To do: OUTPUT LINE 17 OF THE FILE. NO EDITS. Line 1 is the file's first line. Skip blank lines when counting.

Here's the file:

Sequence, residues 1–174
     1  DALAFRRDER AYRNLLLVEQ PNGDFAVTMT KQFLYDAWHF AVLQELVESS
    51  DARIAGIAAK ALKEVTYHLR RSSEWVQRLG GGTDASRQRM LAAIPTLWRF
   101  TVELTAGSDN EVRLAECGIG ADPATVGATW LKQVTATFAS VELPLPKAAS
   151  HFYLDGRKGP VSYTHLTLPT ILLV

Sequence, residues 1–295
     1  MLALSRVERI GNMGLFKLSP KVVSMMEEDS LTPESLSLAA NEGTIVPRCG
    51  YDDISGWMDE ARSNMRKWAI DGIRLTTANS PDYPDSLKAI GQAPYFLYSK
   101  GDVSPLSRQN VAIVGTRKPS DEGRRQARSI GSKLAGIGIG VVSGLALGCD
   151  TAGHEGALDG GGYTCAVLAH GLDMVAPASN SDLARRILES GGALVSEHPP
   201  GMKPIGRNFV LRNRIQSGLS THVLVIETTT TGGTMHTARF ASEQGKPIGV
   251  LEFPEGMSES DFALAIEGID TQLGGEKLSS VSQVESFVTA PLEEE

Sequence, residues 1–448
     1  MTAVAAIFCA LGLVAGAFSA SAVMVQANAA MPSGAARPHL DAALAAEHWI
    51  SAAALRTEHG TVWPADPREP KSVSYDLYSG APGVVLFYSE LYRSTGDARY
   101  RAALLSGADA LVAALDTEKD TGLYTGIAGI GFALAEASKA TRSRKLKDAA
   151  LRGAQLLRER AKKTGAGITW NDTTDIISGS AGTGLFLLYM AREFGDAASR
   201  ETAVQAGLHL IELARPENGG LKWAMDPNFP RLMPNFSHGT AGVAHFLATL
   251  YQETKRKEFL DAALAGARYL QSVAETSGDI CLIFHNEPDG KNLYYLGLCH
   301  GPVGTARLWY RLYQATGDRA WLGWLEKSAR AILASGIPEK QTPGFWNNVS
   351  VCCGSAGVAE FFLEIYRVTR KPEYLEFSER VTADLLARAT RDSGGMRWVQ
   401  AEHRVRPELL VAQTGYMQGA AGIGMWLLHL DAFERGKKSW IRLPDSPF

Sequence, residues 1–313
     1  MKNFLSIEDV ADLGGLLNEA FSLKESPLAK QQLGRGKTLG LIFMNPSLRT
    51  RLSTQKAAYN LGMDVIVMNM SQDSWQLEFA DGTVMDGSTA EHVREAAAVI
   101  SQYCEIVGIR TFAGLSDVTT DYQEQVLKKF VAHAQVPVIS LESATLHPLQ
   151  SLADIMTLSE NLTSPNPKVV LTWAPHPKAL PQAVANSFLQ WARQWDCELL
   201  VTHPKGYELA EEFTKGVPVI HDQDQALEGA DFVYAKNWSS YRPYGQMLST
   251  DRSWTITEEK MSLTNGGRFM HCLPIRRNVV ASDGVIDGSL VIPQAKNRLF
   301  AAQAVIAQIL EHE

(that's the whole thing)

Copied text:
   151  LRGAQLLRER AKKTGAGITW NDTTDIISGS AGTGLFLLYM AREFGDAASR